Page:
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( Mark 6 ) THE SERVICE OF CHRIST WHEN REJECTED
The great truths that come before us in chapter six are connected with incidents that take place in the country, the king's court, the desert place, the mountain and the stormy sea. In the first two incidents we learn the low moral condition of the world that rejects Christ: in the last three, we discover the fulness of the resources in Christ for those who follow Him apart from the course of this world.
(Vv. 1-6). In the first scene we see the Lord in His lowly service of love associating with the humble folk of "His own country," "His own kin," and "His own house". He comes into their midst with divine wisdom, and divine power, ministering the truth among the poor of the land, and healing some sick folk; but in no wise does He pander to the vanity of human nature that loves pomp and display, and rejects men because of their humble origin. The Lord's ministry of grace makes manifest this low moral condition of the people. They are indeed astounded at His teaching and His wisdom, and cannot but admit His "mighty works," but "they were offended at Him." The flesh is ever the same, so that in our day are we not in danger, at times, even as Christians, of hindering the work of God by the pride and vanity of the flesh that slights the ministry of a servant of God because of his humble origin; or, as servants, we may fail by seeking to obtain a hearing on the ground of wealth or social position. With the Lord all was perfect; the failure was on the part of the people. These simple country folk belittled the wisdom of the Lord's teaching, and the might of His works by saying, "Is not this the carpenter, the son of Mary?" And they said, "His brothers and sisters are with us." They failed to discern the glory of His Person and the grace of His heart, that though He was rich yet for our sakes He had become poor that we through His poverty might be made rich. Thus the Creator had become the Carpenter, and the Son of God the Son of Mary. The Lord reminds those that reject Him, because of His humiliation, that "A prophet is not without honour, but in his own country, and amongst his own kin, and in his own house." This does not imply that the Lord was rejected in His own country, as we might be, because of known weakness or failure, but that familiarity with Him in the affairs of this life are used to discount His divine mission from God.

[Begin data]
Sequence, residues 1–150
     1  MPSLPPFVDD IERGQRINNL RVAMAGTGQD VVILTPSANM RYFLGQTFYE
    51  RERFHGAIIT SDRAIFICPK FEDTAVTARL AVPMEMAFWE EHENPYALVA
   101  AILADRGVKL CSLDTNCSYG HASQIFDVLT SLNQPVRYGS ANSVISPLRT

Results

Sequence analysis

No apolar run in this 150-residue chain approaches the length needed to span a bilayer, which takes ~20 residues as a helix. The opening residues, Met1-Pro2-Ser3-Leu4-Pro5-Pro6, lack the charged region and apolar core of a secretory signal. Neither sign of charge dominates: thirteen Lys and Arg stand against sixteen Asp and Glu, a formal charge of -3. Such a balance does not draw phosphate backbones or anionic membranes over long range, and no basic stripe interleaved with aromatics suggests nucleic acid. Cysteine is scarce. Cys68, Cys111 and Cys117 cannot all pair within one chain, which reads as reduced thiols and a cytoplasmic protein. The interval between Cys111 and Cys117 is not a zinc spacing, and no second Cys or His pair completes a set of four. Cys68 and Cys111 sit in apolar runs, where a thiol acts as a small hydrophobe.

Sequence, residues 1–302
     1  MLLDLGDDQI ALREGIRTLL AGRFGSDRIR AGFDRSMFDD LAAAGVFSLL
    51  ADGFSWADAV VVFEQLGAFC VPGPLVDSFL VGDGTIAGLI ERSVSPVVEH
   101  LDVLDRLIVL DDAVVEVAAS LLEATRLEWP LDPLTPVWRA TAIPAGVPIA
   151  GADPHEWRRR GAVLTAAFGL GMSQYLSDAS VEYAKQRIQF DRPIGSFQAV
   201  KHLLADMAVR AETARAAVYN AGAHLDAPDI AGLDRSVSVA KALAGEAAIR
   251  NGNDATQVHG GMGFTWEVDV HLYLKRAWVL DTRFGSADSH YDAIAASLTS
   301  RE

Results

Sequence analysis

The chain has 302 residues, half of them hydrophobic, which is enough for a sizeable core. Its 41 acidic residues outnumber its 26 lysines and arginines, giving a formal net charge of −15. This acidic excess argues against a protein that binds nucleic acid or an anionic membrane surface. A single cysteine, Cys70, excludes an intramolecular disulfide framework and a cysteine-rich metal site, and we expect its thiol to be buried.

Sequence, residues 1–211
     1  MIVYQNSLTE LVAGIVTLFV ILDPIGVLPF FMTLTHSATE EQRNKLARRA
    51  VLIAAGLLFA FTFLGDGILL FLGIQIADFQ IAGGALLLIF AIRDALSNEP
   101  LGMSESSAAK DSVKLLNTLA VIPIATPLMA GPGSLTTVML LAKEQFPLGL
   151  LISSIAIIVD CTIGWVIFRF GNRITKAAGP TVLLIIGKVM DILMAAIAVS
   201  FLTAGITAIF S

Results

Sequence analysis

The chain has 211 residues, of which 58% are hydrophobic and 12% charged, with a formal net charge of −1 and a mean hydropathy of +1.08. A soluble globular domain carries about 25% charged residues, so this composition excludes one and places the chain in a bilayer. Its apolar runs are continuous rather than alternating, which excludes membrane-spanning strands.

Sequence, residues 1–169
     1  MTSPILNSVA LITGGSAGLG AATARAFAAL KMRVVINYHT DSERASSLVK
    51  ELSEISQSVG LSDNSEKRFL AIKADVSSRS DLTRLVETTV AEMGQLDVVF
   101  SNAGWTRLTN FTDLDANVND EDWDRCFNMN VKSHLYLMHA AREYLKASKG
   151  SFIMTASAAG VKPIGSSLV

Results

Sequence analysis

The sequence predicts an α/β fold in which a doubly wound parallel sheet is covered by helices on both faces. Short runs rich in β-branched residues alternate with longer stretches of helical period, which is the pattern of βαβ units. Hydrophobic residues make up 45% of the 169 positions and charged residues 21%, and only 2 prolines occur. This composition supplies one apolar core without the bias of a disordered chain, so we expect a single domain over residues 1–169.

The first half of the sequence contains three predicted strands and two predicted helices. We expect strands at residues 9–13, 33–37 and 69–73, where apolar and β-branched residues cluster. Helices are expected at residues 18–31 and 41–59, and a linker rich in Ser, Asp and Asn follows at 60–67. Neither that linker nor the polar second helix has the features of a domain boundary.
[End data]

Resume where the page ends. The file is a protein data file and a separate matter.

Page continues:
The result is He could there do no mighty work because of their unbelief. It is a solemn consideration how much, in our day, unbelief may hinder the work of God. If faith, as in the case of the sick woman of the last chapter, draws forth the blessing, it is equally true that unbelief hinders its outflow. Nevertheless, His grace, rising above our pride and unbelief, healed some "sick folk" even though the blessing is limited to "a few". "He marvelled because of their unbelief." Alas! do we not at times give Him occasion to marvel at our unbelief? Nevertheless He pursued His way, teaching in the villages round about, unwearied in His service in spite of pride and unbelief.
(Vv. 7-13). The rejection of His service may hinder any performance of a mighty work in His own country, but it cannot stay the grace of His heart. Thus the Lord sends forth the twelve as a fresh witness to His presence in grace and power for the blessing of men. A striking witness is borne to His glory as a Divine Person by the fact that He "gave them power over unclean spirits." Anyone can exercise power and perform miracles if the power is given to them - but, who but God can give the power? Further the manner in which they went forth was, in itself, a witness to the presence of the Lord of all. They were to go forth taking nothing for their journey. They were to rest in the providing care and protection of the Lord present on earth, who would so dispose of the hearts of men, and govern circumstances, that they would lack nothing.